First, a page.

One of the longest-running studies, which tracked 100 boys with ADHD for ten years, found no difference in the likelihood of substance usage between those who used stimulant medicines and those who didn’t. According to previous research by the same authors, stimulant usage may even protect children with ADHD against eventual drug misuse and alcoholism by alleviating the ADHD symptoms that commonly lead to substance abuse issues. The earlier stimulants are introduced, the lesser the risk of drug dependency later on.
ADHD and Addiction Treatment
Not every case provides a direct correlation between ADHD and addiction to alcohol or drugs. Non-stimulant medication options include atomoxetine, clonidine, or guanfacine. Sometimes, certain antidepressants like bupropion (Wellbutrin), desipramine, and Norpramine are recommended for adults with ADHD.
Whether Ritalin or other stimulants are effective treatments for treating ADHD patients with substance abuse problems is not clear. They may be effective when given in a controlled manner and long-acting forms. People with ADHD may also benefit from 12-step support groups and individual or group therapy. This will reduce the chance of becoming dependent or misusing these drugs.
What If I Self-Medicate for ADHD?
When you self-medicate, you may use prescription or illicit medicines, coffee, exercise, or alcohol.
Marijuana, alcohol, and other drugs can increase dopamine levels, such as ADHD medications. That is why specific individuals are drawn to them.
People with ADHD use alcohol for a variety of reasons:
To alleviate the anguish caused by the disease.
Assist them with social and academic issues.
Many people are unaware that drinking alcohol exacerbates their symptoms.
Heavy drinking and impulsive conduct, which is frequent in ADHD, have a significant association. If you have more than 14 drinks per week as a male or more than seven drinks per week as a woman, you may be self-medicating.
Some people feel that marijuana might assist in alleviating the symptoms of ADHD. However, research has shown little evidence of this. Cannabis can make your concentration, behavioral inhibition, attention, and organization worse, so more states are legalizing it for medical and recreational use. Even as the last option, doctors advise against taking marijuana to treat ADHD symptoms. Stay away from cocaine, heroin, and other illegal substances.
According to research, caffeine may increase focus, but it may not function as effectively as an ADHD medicine. Furthermore, too much coffee might impair your memory. If you’re a healthy adult, a couple of cups of coffee a day may help you think more clearly.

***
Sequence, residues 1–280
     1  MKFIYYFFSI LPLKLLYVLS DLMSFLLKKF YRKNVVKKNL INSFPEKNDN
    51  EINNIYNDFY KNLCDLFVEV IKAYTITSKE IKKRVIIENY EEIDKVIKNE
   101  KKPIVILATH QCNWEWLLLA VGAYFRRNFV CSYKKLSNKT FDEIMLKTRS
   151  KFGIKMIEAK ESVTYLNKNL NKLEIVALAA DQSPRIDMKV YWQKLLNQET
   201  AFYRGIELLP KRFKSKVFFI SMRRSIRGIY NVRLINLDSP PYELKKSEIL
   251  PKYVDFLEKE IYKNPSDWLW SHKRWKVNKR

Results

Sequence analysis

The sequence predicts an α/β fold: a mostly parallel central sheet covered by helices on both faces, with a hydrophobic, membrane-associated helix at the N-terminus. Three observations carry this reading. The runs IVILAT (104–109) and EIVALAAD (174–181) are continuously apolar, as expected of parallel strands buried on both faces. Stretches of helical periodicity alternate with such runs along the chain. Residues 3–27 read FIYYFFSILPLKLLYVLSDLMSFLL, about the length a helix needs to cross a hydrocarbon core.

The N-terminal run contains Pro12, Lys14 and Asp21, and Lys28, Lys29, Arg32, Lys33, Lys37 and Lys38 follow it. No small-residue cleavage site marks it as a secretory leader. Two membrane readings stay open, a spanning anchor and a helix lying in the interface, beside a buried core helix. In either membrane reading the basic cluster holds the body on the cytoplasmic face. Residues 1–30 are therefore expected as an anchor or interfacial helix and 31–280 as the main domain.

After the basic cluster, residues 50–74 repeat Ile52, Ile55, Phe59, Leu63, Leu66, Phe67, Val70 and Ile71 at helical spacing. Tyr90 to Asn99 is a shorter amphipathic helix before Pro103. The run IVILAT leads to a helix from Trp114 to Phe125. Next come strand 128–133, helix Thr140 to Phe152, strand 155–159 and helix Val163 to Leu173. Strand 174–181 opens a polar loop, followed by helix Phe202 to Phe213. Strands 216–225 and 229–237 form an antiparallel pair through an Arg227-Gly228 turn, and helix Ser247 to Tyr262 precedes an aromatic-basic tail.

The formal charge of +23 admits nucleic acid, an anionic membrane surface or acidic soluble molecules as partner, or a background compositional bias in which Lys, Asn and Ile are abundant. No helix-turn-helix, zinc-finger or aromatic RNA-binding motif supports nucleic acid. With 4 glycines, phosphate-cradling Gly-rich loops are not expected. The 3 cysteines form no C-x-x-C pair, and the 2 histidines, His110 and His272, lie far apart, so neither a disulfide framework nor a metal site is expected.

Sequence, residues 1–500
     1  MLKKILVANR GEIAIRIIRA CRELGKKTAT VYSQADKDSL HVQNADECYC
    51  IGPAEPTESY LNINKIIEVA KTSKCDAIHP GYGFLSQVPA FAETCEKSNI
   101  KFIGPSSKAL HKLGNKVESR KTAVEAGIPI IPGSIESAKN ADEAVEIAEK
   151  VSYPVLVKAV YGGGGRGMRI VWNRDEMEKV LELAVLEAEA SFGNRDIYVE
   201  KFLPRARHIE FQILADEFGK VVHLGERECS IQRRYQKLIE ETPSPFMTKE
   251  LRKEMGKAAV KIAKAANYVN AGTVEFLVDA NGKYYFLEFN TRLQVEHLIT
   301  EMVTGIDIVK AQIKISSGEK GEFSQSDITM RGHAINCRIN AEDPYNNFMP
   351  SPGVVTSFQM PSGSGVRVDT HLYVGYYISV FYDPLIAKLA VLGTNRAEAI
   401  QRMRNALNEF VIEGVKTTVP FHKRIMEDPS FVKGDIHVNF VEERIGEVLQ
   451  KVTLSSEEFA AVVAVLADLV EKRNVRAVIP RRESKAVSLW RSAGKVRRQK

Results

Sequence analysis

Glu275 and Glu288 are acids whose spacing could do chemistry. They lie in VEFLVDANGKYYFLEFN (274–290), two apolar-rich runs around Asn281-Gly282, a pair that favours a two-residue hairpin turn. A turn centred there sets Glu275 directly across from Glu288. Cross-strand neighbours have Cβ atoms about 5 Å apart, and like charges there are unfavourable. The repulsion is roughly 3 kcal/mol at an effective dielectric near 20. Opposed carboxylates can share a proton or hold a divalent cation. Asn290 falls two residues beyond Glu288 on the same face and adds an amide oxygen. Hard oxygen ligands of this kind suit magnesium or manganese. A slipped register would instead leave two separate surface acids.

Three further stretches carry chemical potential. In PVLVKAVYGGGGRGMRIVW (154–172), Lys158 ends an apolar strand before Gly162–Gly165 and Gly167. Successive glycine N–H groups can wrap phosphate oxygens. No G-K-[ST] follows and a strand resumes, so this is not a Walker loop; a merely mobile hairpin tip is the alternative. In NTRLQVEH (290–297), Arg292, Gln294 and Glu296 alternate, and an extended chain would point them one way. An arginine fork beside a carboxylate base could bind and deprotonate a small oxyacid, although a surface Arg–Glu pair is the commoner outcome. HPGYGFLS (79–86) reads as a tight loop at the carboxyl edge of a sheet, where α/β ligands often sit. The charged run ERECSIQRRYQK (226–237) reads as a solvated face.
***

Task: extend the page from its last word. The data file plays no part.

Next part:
Consult your doctor if you drink more than that or can’t manage to cut back. Children and teenagers should avoid caffeine since it might impact their rest and development.
While you may believe that smoking would help you relax, research suggests that it might make you hyper and make your ADHD symptoms more difficult to control.
In addition to the significant health hazards, smoking can cause:
Boost your anxiety levels.
After only 12 hours without a smoke, brain function declines.
If you do quit, you’ll increase your chances of relapsing.
Thin the frontal cortex of your brain, which aids learning, memory, concentration, and motivation.
Consult your doctor if you’re having problems stopping smoking.
Misuse of any medicine may be dangerous, even fatal. Seizures, heart attacks, and strokes are all possible outcomes. Take drugs just as directed and at the recommended dose.
Get the Help You Need From Haven House
There appears to be a tangible link between ADHD and addiction. While specialists are divided on the actual cause of the relationship, there are various ideas. Genetics, some personality features, and drugs to self-treat persistent ADHD symptoms are among them.
If you or someone you care about has a problem, seek assistance as soon as possible. The sooner a person seeks treatment, the better. Males 18 to 45 years of age are accepted at Haven House Rehabilitation Center in Santa Rosa Beach, FL. Our programs that aid in addiction recovery in Clarksville provide the treatment that they need.
We’ll be certain to accompany them on their road to recovery. Contact us right away for a program perfect for ADHD and addiction recovery!